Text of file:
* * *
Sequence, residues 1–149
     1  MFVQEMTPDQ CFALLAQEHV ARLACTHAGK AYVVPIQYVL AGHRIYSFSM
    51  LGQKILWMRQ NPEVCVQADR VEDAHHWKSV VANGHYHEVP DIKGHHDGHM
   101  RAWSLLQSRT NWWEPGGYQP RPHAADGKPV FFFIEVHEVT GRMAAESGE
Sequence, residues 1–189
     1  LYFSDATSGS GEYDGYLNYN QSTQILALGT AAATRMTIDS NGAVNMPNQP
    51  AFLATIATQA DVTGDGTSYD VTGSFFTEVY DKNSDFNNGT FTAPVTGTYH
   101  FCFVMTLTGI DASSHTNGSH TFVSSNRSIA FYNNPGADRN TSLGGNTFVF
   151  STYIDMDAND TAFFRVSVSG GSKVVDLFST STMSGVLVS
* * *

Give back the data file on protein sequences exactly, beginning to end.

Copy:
Sequence, residues 1–149
     1  MFVQEMTPDQ CFALLAQEHV ARLACTHAGK AYVVPIQYVL AGHRIYSFSM
    51  LGQKILWMRQ NPEVCVQADR VEDAHHWKSV VANGHYHEVP DIKGHHDGHM
   101  RAWSLLQSRT NWWEPGGYQP RPHAADGKPV FFFIEVHEVT GRMAAESGE
Sequence, residues 1–189
     1  LYFSDATSGS GEYDGYLNYN QSTQILALGT AAATRMTIDS NGAVNMPNQP
    51  AFLATIATQA DVTGDGTSYD VTGSFFTEVY DKNSDFNNGT FTAPVTGTYH
   101  FCFVMTLTGI DASSHTNGSH TFVSSNRSIA FYNNPGADRN TSLGGNTFVF
   151  STYIDMDAND TAFFRVSVSG GSKVVDLFST STMSGVLVS